# Charge as a coefficient of the Lie algebra?

1. Sep 17, 2012

My friend was telling me that charge arises as a coefficient of the Lie Algebra.

Can someone give me a demonstration of this please, I was most fascinated by it because I had never heard of this before.

Regards!

2. Sep 17, 2012

### HallsofIvy

Do you know anything at all about "Lie Algebras"? From your reference to "the" Lie Algebra, as if there were only one, I suspect not. A "Lie Algebra" is a mathematical concept that can be applied to give aq simple structure to some physical laws.

A "Lie Group" is a topological group whose topology is that of a manifold. A "Lie Algebra" is a collection of tangent spaces on a Lie Group. I doubt that that helps!

3. Sep 17, 2012

Hi Halls, I don't want anything too rigorous, may you just give me some equations which show it is a coefficient of the Lie Algebra. It will be my task to understand it..

4. Sep 17, 2012

I should have said, Lie ''algebra's'' by the way :P

5. Sep 18, 2012

I don't mean to sound condescending, but I really don't want buzzwords.

May I ask again for a mathematical demonstration.

6. Sep 28, 2012

Can someone demonstrate for me how charge is the coefficient of the lie algebra?

7. Sep 28, 2012

### vanhees71

This is due to one of Noether's theorems: A conserved quantity generates the the one-parameter subgroup of the corresponding symmetry transformation. That's true in classical physics, where the Lie algebra and group are realized as canonical transformations on phase space as well as in quantum theory, where both algebra and group are realized by the commutator algebra of self-adjoint operators or unitary (ray) representations, respectively.

In the context of quantum-field theory, usually you have a Lagrangian that is symmetric under some (global) gauge group with corresponding conserved currents. E.g. the (free) Dirac field has a conserved vector current,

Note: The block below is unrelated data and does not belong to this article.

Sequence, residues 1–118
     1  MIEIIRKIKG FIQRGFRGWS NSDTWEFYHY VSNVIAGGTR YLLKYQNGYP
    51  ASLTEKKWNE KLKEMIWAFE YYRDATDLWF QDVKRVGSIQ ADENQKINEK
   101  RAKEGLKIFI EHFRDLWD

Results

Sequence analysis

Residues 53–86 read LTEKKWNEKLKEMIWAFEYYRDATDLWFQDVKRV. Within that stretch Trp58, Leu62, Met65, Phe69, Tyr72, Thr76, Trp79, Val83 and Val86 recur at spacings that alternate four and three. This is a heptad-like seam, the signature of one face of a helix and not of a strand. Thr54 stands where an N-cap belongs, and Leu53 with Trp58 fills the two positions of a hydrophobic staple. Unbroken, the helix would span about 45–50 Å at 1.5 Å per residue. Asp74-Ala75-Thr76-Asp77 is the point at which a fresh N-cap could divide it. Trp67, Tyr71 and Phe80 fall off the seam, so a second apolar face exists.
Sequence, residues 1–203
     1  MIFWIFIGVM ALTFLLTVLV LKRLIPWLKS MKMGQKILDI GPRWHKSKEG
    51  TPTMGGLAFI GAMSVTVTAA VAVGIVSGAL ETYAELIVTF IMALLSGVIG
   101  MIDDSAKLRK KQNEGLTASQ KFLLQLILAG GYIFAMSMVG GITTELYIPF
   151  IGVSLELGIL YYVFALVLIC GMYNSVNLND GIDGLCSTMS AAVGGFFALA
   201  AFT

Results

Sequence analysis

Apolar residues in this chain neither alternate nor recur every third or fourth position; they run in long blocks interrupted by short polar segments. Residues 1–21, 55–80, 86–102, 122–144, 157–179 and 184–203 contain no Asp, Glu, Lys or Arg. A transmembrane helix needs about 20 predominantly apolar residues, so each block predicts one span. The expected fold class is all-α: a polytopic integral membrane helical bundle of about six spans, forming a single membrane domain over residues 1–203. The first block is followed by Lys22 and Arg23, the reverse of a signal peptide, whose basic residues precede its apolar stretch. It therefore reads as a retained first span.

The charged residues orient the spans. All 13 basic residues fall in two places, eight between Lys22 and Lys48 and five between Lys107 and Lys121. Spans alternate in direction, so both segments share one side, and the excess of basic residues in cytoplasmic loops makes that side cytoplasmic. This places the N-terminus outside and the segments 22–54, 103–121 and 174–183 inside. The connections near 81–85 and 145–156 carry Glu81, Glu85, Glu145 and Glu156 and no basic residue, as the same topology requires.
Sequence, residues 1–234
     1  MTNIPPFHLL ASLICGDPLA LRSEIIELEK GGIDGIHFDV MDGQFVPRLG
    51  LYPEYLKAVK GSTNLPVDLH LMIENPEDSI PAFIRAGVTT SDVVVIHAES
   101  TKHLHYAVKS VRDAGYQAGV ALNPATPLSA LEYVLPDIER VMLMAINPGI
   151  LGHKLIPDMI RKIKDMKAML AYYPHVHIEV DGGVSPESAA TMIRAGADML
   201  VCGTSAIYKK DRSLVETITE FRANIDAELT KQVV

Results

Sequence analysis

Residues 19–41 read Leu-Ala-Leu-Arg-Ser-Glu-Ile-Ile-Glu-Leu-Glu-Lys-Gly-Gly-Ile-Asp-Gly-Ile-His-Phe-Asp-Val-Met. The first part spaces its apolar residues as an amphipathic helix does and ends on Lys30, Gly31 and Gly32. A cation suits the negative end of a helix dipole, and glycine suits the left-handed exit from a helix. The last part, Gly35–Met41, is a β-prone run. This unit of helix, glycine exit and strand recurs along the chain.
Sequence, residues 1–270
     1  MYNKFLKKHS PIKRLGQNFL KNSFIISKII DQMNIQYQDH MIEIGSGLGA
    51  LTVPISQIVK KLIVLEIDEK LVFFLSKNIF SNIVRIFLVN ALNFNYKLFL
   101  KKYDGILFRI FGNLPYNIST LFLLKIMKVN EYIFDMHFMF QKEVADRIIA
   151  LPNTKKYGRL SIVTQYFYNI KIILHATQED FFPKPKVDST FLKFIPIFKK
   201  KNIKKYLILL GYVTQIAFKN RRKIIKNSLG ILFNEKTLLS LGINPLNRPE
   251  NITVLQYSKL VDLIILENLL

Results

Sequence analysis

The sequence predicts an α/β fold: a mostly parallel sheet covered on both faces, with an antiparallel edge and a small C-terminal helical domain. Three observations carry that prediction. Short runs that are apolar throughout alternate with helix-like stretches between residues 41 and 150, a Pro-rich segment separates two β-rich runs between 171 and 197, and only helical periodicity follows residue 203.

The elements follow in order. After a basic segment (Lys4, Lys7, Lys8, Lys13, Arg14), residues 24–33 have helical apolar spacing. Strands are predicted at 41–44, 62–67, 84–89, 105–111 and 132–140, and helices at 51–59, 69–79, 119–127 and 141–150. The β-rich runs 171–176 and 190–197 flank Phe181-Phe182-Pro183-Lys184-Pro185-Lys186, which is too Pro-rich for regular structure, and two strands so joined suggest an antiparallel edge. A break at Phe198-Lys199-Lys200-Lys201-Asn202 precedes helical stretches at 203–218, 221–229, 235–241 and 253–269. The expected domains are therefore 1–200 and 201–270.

$$\hat{j}^{\mu}(x)=:\hat{\overline{\psi}}(x) \gamma^{\mu} \psi(x):.$$
It's indeed easy to prove that the current is conserved, i.e., it obeys the continuity equation
$$\partial_{\mu} \hat{j}^{\mu}=0.$$
Then and only then the time-independent (due to the conservation law according to Noether's theorem!) charge operator is a Lorentz invariant (scalar) quantity given by
$$\hat{Q}=\int_{\mathbb{R}^3} \mathrm{d}^3 \vec{x} \hat{j}(x).$$
It is easy to show that this operator indeed generates phase transformations. For details see

http://fias.uni-frankfurt.de/~hees/publ/off-eq-qft.pdf

8. Sep 28, 2012

### naima

Look at wiki
Charges are considered as operators. In fact they are the Lie algebra generators of your symmetry.

9. Sep 28, 2012

I wondered if it had to do with Noether theory. Good thing I am pretty well read on it Noether charges, the name charge as a coefficient of the Lie Algebra... just seemed very exotic.

10. Sep 28, 2012

Wouldn't it be more accurate to say that charges are described by operators, rather than saying charges are actually operators...?

11. Sep 29, 2012

### vanhees71

I do not understand, why you call it a "coefficient of the Lie algebra". It's an element of a Lie algebra, represented by a self-adjoint linear operator. By exponentiation you get a one-parameter Lie group which represents the symmetry transformation of which the charge is the conserved quantity according to Noether's theorem. In my example this symmetry transformation multiplies the Dirac field operator with a phase factor, and the symmetry is the invariance of the physical dynamics under the multiplication of the field operators by arbitrary phase factors.

12. Sep 29, 2012

### Meselwulf